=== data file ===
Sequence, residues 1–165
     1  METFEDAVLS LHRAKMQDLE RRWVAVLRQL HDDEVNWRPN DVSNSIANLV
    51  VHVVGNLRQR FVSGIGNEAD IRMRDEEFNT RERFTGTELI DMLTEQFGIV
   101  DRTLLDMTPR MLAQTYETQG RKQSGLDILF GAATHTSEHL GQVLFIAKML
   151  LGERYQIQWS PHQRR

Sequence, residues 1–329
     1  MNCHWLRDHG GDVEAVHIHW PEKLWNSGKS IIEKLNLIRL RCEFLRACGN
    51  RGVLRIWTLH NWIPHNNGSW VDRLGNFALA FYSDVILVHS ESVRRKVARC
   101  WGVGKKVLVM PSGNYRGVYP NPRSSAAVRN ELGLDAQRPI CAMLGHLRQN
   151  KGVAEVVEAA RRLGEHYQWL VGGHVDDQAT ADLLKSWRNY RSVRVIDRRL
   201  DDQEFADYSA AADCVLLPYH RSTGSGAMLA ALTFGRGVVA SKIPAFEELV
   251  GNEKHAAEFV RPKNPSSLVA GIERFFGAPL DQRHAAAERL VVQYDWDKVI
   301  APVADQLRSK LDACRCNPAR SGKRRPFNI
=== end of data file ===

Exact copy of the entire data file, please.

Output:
Sequence, residues 1–165
     1  METFEDAVLS LHRAKMQDLE RRWVAVLRQL HDDEVNWRPN DVSNSIANLV
    51  VHVVGNLRQR FVSGIGNEAD IRMRDEEFNT RERFTGTELI DMLTEQFGIV
   101  DRTLLDMTPR MLAQTYETQG RKQSGLDILF GAATHTSEHL GQVLFIAKML
   151  LGERYQIQWS PHQRR

Sequence, residues 1–329
     1  MNCHWLRDHG GDVEAVHIHW PEKLWNSGKS IIEKLNLIRL RCEFLRACGN
    51  RGVLRIWTLH NWIPHNNGSW VDRLGNFALA FYSDVILVHS ESVRRKVARC
   101  WGVGKKVLVM PSGNYRGVYP NPRSSAAVRN ELGLDAQRPI CAMLGHLRQN
   151  KGVAEVVEAA RRLGEHYQWL VGGHVDDQAT ADLLKSWRNY RSVRVIDRRL
   201  DDQEFADYSA AADCVLLPYH RSTGSGAMLA ALTFGRGVVA SKIPAFEELV
   251  GNEKHAAEFV RPKNPSSLVA GIERFFGAPL DQRHAAAERL VVQYDWDKVI
   301  APVADQLRSK LDACRCNPAR SGKRRPFNI